Top-Rated Tourist Attractions in Pompeii
The ruined city of Pompeii lies 20km/12mi southeast of Naples at the foot of Vesuvius, near the Gulf of Naples.
It is the finest example of a Roman town and its way of life, presented to modern eyes by excavation.
To the east of the ancient site is the newer settlement, known until 1929 as Valle di Pompei, with a conspicuous domed church, Santa Maria del Rosario, which is visited by countless pilgrims (particularly on May 8th and on the first Sunday in October).
Pompeii, probably founded by the Oscans, an Italic people, became Roman after the Samnite wars (290 B.C.), and by the first century A.D. was a prosperous provincial capital with a population estimated at 20,000. In A.D. 63 much of the town was destroyed by a severe earthquake, and rebuilding had not been completed when an eruption of Vesuvius in A.D. 79 covered the whole town, as well as Herculaneum and Stabiae, with a layer of ash and pumice-stone 6-7m/6.5-7.5yds thick - though a proportion of the population were able to escape in time. The town was now abandoned, after some at least of the survivors had recovered objects of value from the loose covering of ash.
Since the 18th century something like three-fifths of the total area of the town (the walls of which had a perimeter of 3,100m/3,391yd) have been recovered by large-scale excavation, carried out systematically from 1860 onwards. Although the buildings are in a ruinous state and it is only in the more recently excavated areas (since 1911) that the internal arrangements and domestic equipment have, as far as possible, been left as they were found. Visitors to Pompeii get a more immediate and more vivid impression of ancient life - in luxurious mansions and more modest houses, in the markets and the streets, in baths, theaters and temples - than on any other ancient site; and much of what they see will strike them as astonishingly modern.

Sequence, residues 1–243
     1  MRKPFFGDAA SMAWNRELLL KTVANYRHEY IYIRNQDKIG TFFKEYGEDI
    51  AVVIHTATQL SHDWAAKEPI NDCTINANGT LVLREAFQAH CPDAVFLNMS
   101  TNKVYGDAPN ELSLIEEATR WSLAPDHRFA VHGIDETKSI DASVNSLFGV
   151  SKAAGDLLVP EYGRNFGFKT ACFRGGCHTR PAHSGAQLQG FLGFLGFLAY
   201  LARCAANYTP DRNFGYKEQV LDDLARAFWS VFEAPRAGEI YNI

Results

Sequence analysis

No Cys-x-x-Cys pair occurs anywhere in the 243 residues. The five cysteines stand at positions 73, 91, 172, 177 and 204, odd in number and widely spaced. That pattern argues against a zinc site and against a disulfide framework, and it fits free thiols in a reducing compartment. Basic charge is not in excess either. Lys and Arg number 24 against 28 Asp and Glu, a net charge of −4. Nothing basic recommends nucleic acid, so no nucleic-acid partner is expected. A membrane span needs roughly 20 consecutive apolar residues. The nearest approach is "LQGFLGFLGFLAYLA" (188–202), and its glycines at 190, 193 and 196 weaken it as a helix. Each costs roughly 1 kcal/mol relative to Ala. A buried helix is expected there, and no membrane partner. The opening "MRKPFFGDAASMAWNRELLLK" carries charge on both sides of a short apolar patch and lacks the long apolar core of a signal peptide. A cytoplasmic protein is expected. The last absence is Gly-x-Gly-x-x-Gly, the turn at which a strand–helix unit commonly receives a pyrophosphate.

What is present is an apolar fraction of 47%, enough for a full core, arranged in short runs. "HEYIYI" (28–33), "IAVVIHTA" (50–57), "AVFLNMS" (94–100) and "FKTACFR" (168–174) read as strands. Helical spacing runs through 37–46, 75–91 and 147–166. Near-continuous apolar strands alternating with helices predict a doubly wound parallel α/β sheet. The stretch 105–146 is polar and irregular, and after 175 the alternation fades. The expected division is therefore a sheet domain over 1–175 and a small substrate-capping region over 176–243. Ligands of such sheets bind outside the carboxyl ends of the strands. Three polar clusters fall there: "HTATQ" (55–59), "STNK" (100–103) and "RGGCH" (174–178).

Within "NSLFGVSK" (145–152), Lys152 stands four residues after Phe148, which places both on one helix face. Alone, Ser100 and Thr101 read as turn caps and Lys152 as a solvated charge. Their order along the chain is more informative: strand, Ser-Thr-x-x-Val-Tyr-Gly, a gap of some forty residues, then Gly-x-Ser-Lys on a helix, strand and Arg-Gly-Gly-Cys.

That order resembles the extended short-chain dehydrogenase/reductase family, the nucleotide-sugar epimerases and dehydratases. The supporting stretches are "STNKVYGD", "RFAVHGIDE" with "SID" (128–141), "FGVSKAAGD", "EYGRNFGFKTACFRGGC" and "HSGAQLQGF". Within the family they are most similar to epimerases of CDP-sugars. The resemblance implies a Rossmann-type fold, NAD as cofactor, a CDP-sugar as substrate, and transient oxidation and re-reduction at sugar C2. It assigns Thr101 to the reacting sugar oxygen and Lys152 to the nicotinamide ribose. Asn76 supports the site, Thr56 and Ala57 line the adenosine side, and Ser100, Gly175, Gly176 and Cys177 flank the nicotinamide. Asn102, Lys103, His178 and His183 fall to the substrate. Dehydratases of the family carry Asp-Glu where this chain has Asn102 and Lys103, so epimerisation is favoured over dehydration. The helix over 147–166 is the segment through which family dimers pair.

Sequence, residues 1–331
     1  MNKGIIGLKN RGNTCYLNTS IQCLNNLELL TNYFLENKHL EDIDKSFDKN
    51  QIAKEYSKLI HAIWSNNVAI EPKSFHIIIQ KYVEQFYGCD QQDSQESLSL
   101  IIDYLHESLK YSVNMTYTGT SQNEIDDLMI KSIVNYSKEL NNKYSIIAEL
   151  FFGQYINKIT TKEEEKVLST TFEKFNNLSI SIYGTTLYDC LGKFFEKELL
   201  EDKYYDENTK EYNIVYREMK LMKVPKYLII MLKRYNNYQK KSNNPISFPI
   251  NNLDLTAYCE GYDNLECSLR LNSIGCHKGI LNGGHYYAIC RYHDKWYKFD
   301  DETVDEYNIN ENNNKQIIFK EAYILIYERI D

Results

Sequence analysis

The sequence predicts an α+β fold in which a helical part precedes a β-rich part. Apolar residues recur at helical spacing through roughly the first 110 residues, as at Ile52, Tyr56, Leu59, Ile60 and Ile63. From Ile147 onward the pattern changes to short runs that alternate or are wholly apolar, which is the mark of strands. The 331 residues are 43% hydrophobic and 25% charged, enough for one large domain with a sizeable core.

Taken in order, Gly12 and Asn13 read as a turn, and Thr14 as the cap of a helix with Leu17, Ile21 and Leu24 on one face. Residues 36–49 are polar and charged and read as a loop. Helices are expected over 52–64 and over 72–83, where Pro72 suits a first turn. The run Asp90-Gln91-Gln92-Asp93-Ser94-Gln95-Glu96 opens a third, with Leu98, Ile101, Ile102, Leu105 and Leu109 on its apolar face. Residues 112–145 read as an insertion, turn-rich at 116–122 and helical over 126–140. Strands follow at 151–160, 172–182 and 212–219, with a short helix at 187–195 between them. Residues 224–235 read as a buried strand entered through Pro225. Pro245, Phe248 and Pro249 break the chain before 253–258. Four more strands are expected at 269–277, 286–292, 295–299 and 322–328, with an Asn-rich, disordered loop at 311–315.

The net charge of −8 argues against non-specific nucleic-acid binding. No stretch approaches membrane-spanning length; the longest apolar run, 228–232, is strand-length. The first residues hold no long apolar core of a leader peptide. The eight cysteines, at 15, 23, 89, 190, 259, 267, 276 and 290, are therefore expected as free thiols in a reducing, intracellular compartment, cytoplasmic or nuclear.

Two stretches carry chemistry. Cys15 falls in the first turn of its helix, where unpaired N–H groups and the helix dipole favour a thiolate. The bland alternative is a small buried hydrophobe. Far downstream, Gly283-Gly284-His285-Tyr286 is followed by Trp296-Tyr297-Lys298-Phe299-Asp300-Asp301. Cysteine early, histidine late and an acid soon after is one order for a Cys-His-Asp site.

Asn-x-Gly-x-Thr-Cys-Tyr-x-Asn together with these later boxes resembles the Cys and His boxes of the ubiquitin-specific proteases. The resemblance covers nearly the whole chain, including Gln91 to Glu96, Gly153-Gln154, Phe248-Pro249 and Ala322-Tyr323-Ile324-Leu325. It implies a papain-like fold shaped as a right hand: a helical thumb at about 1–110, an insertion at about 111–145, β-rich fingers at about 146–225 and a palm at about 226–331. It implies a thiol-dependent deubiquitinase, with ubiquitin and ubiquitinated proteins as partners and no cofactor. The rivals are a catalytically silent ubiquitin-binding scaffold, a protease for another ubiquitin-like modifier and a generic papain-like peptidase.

In November 1980 a severe earthquake caused considerable damage.
Division of the site
In modern times the site has been divided into several regions (I-IX) separated by the principal streets. The blocks (insulae) within the regions are, like them, numbered with Roman numerals (in the plan with Arabic numerals); individual houses have Arabic numerals.
The streets are paved with polygonal slabs of lava, with raised pavements on either side. At intersections and at other places along the streets are stepping-stones designed to help pedestrians to cross. Deep ruts in the paving bear witness to heavy traffic. At many street corners are fountains for public use. The inscriptions on the outside walls of houses, in the manner of modern posters, mostly relate to municipal elections.
The Roman house was entered from the street by a narrow passage (fauces, ostium), often flanked by shops and workshops (tabernae), leading into a large court or atrium with a roof which sloped inwards. In the center of the roof was a square opening (compluvium), below which, sunk into the ground, was a basin for catching rain-water (impluvium). On each side, and sometimes in front, were bedrooms (cubiculae); on each side too were alae, open spaces originally designed for the statues of ancestors. The fourth side of the atrium was entirely occupied by a large open apartment, the tablinum. Beyond the front portion of the house, in which visitors were received, lay the private apartments used by the family; these were built round a garden-like courtyard, known as the peristylium from the columns which enclosed it. Beyond this there was sometimes a garden (viridarium). Opening off the peristylium were the triclinium (dining-room) and sitting-room (oecus). The position of the kitchen (culina) and cellars varied. Many houses also had an upper floor with balconies.
It is interesting to compare the Pompeian single-storey house occupied by one family with the blocks of apartments built round a large central courtyard which became general under the Empire and are found at Ostia but not at Pompeii.
Tour of Pompeii
Street of Tombs
The Street of Tombs is lined with monuments dedicated to prominent people of the day. It is one of the highlights of Pompeii.